Oct 282006
 

The New Jersey Supreme Court ruled this week that same-sex couples and their families are entitled to the “same rights and benefits enjoyed by opposite-sex couples” under the state’s civil marriage laws. In a 4-3 split, the court rejected the claim that same-sex couples have a constitutional right to have their relationships recognized as “marriages.” Instead, it left that decision “to the democratic process,” ruling that the state legislature must now decide whether to “amend its marriage law to include same-sex couples” or provide these equal benefits, protections, and obligations “by some other means such as civil unions.” This decision is a positive step toward equality, and an affirmation of the importance of committed relationships and healthy families. (The case was brought by seven gay and lesbian couples who have been together from 14 to 35 years, five of whom have children.) The right wing is now trying to use the New Jersey decision to draw a contrast for voters in November’s election, and they’re right, there is a contrast. Some Americans believe in equal rights for all, and some — a shrinking minority — do not.

This week’s decision is consistent with the democratic will of New Jersey voters. The Court’s ruling specifically cites the state’s already “robust set of anti-discrimination protections for gay men and lesbians,” most of which were passed through the legislature. In 2004, state legislators enacted a strong domestic partnership law that granted same-sex couples many of the same financial and legal benefits as married couples. “But the way the laws were written, some rights were still assigned only to ‘married’ couples. The court decision today simply requires that those same-sex partnerships have all of the rights which are given to married couples.” A poll of New Jersey residents taken in June “found that 50 percent said they supported allowing same-sex couples to marry legally, while 44 percent were opposed.”

Conservatives are trying to portray the decision as the work of “radical activists.” But even President Bush, who believes the U.S. Constitution should be amended to discriminate against same-sex couples, has repeatedly said, “I don’t think we should deny people rights to a civil union, a legal arrangement, if that’s what a state chooses to do so.” Indeed, from a “purely legal perspective, the decision is of narrow and limited significance.” The justices state that their intention in this case was not to “consider whether committed same-sex couples should be allowed to marry, but only whether those couples are entitled to the same rights and benefits afforded to married heterosexual couples.” Like the Vermont Supreme Court ruling in 1999, their decision is not “binding on any courts outside New Jersey or relevant to any other state’s laws.” The ruling also involves only the protection and benefits of civil marriage — not religious ceremonies. “This case does not affect religious institutions’ freedom to decide if they want to honor and recognize same-sex unions.”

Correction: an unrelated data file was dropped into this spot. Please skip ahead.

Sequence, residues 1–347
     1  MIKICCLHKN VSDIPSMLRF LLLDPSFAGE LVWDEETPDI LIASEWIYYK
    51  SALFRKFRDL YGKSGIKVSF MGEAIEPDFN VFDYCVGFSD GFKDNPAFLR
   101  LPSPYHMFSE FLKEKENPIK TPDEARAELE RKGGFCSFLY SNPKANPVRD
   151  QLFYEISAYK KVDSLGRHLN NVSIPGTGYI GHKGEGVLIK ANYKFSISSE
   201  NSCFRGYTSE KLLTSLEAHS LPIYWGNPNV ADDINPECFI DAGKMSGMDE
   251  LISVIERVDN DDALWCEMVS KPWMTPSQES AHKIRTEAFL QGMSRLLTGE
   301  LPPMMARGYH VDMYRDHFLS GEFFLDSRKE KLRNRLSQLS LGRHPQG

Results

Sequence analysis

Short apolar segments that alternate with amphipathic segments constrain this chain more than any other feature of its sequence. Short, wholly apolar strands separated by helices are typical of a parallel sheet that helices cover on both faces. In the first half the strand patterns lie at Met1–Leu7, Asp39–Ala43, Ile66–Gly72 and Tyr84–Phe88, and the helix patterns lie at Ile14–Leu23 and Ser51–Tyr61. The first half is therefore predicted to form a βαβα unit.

Naturally, conservative activists hope the ruling will energize their right-wing base. Bill Donohue, president of the Catholic League, “called the ruling ‘a plus’ on the premise it would stir up resentment of ‘arrogant judges’ and boost conservative election prospects.” But to enrage voters, the right has resorted to making false claims about the ruling. Religious right leader James Dobson claimed the court had “blatantly and arrogantly ordered the state Legislature to rip up what marriage has meant for thousands of years.” The Alliance for Marriage, a leading advocacy group for a federal gay marriage ban, said that “radical activist groups” had “convinced state court judges to hold a gun to the head of the legislature.” And conservative pundit Hugh Hewitt falsely declared that the “the imperial judiciary” had “impose[d] same sex marriage in New Jersey.”

The right’s distortions are further evidence that the tide is turning in the equality debate. Polls taken this summer show over 50 percent of Americans support protecting same-sex couples’ rights through civil unions (compared to roughly 40 percent opposed). State ballot initiatives banning gay marriage passed overwhelmingly in 2004, but this year, USA Today reports, “polls in three of the eight states that will vote on banning same-sex marriage show the measures either trailing or leading narrowly,” while “Colorado’s first-in-the-nation ballot proposal to create same-sex domestic partnerships had strong support in a recent poll.” Political experts say the shift towards anti-gay initiatives is in large part because “their emotional force in drawing committed, conservative voters to the polls…has been muted or spent.” But the fight for equal rights is far from over. Even in New Jersey, same-sex families will “remain ineligible for the 1,138 federal benefits that are afforded to married couples and their families, including the ability to collect Social Security survivor benefits and file a joint federal tax return.”

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